Issue-Attention Cycles // The Media’s Short Attention Span & Your Mental Health
by Kylie Byers.
It seems that lately, there’s a new scandal around every corner. Breaking news can seem overwhelming if you’re not in constant contact with your phone, a television, the radio, or your annoying coworker who always has something to say about the news. Being away from the news for a while can feel similar to that “phantom vibration syndrome” you feel after a long text conversation ends but you’re still imagining that your phone is vibrating every few minutes. Something new is always popping up.
For politicians or celebrities involved in certain career- and image-damaging scandals, the rapid movement of the news onto different topics can be a good thing. But for those of us trying to keep up, those of us trying to make a difference, or those of us who have something important to say—this speed can be a hurdle that seems difficult or near impossible to clear. One National Public Radio analysis placed the speed at which news stories pass out of the media’s attention span at just a few weeks, maximum.
This phenomenon has a name: the "issue-attention cycle." Anthony Downs, an American economist, details this phenomenon’s several stages in the order in which they usually appear:
The Pre-Problem Stage
Alarmed Discovery and Euphoric Enthusiasm
Realizing the Cost of Significant Progress
Gradual Decline of Intense Public Interest
The Post-Problem Stage
A number of the last few news headlines can fit into this progression. In Stage One, the issue exists, but has yet to make a significant appearance in the mind of the majority. It is usually catapulted to the forefront of media attention in Stage Two, when something major happens (for example, a tragedy or disaster) and society—optimistically and confidently—decides something must be done about it. Stage Three occurs when the public realizes the cost (monetary, temporal, personal, or otherwise) that would be required to solve the problem, leading directly—and almost imperceptibly—into Stage Four, which involves the public losing more and more interest in a subject because of three reasons: a) it doesn’t affect them personally b) it would require too much effort to fix or c) some other event has taken center stage. Stage Five consists of the more subtle, yet lasting results of the event, i.e. any organizations, groups, or laws that were created out of the event that will remain active even after it fades from the media forefront.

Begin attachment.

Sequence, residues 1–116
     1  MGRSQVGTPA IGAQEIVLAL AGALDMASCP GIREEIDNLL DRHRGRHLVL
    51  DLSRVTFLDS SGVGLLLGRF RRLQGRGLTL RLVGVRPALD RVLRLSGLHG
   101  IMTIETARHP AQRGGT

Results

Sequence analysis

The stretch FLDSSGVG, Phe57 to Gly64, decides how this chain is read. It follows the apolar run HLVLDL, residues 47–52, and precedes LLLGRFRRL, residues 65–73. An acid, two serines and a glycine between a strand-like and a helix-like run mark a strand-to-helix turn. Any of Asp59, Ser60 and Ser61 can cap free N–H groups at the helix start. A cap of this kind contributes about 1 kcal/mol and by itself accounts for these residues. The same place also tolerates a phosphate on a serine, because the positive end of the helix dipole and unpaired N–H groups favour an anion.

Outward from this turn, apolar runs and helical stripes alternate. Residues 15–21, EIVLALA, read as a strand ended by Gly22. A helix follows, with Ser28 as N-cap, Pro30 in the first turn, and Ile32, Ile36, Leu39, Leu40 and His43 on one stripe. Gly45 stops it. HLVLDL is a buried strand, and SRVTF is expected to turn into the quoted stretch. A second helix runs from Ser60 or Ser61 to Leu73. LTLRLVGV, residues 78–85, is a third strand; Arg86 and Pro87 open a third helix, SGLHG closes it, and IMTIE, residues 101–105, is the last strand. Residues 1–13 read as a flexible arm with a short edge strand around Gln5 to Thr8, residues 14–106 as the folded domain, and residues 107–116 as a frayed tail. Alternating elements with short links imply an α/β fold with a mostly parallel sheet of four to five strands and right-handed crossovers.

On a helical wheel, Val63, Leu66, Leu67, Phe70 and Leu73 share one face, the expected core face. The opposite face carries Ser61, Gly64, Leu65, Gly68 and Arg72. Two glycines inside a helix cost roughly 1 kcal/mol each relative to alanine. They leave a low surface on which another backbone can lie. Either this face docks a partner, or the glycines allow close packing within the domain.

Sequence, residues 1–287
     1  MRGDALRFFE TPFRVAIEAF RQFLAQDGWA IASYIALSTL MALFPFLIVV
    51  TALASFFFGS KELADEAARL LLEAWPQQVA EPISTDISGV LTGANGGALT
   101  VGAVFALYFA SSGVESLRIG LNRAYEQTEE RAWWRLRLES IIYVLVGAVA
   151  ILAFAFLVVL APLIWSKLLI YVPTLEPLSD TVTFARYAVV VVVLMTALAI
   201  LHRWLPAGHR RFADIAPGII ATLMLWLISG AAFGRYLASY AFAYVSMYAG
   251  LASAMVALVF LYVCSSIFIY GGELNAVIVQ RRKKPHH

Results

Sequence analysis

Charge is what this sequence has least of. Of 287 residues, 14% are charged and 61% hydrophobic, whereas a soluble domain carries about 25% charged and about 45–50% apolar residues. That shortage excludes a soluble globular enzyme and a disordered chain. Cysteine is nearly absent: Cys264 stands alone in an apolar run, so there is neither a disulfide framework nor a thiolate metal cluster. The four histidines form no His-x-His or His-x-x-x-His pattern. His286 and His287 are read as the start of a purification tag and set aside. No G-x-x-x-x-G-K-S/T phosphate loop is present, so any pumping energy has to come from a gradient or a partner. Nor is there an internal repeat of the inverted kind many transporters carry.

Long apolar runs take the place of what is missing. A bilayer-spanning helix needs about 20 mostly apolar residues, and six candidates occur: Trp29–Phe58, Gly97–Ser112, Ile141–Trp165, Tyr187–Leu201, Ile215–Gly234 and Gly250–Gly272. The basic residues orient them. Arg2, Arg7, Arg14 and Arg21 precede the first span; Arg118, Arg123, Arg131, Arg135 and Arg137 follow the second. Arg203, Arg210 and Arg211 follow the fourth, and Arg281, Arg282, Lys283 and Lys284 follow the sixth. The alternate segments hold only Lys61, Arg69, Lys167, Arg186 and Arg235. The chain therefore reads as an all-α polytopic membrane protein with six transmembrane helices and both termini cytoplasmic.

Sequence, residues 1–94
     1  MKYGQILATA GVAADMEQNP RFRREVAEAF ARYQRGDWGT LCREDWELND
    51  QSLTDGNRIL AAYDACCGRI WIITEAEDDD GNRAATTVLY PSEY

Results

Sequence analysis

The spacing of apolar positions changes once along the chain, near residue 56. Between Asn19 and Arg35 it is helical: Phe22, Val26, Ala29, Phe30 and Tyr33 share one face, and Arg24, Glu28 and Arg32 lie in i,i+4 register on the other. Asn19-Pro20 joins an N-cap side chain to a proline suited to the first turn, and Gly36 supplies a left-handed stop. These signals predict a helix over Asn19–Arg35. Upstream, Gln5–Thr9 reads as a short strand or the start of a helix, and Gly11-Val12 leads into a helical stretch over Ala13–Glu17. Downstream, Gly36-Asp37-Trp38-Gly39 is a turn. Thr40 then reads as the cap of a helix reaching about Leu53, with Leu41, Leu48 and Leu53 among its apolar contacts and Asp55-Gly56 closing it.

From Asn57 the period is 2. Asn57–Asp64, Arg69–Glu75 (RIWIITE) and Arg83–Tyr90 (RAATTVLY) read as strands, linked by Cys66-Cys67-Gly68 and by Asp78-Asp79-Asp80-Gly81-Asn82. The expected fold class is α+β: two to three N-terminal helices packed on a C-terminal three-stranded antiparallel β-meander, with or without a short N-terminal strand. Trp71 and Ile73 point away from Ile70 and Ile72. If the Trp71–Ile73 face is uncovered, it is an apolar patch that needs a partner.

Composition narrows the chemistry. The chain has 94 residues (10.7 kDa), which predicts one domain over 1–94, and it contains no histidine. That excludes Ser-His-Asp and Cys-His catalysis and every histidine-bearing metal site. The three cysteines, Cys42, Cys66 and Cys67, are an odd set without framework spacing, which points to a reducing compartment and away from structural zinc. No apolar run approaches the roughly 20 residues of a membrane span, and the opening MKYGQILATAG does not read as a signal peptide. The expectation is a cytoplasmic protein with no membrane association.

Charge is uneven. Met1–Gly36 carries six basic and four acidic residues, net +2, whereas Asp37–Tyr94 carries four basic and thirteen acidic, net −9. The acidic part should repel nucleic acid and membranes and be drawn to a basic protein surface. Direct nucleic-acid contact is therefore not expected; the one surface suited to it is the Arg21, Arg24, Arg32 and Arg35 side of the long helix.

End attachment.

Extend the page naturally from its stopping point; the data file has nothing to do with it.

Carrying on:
This “Issue-Attention Cycle” can be seen to characterize many of the latest media scandals and stories, but it isn’t insurmountable. What’s important to note in this situation is the power of modern social media communication and the power of the public. News media is most prevalently an entertainment business; it runs based on ratings and how many people are watching, and it caters its content to what it believes people want to see. This means that as the general public, theoretically, we get to decide what we want to see on the media by where we place our priorities. So always remain vigilant in taking an active role in responding to and discussing what you see in the media if you feel that it’s worth being discussed and reported. If your interest and/or interaction with your immediate surroundings and peers isn’t doing the job, take to your next greatest tool: social media.
While traditional media outlets are controlled and governed by private parties in it for the money, the free (mostly) open communities of social media outlets such as Twitter and Instagram are great places where you can disseminate your ideas and conduct conversations about topics that interest you and are important to you. With trending hashtags on both sites, it’s easier to push things toward the forefront of the digital public, and therefore direct the conversation towards what’s important—or keep the conversation focused on what it should be focused on.
Remember also that the most important factor in all of this media overload, however, is your health. While you’re doing your best to stay informed and ensure that the platforms you feel strongly about remain in the public discussion, remind yourself to take breaks, learn to let go, change things up and get involved on a physical level, and look for new perspectives. Keeping yourself healthy and sane is the best way to do your best for the causes you care about.
Downs, Anthony. “Up and Down with Ecology – The Issue-Attention Cycle” Public Interest, 28, (Summer 1972) p. 38.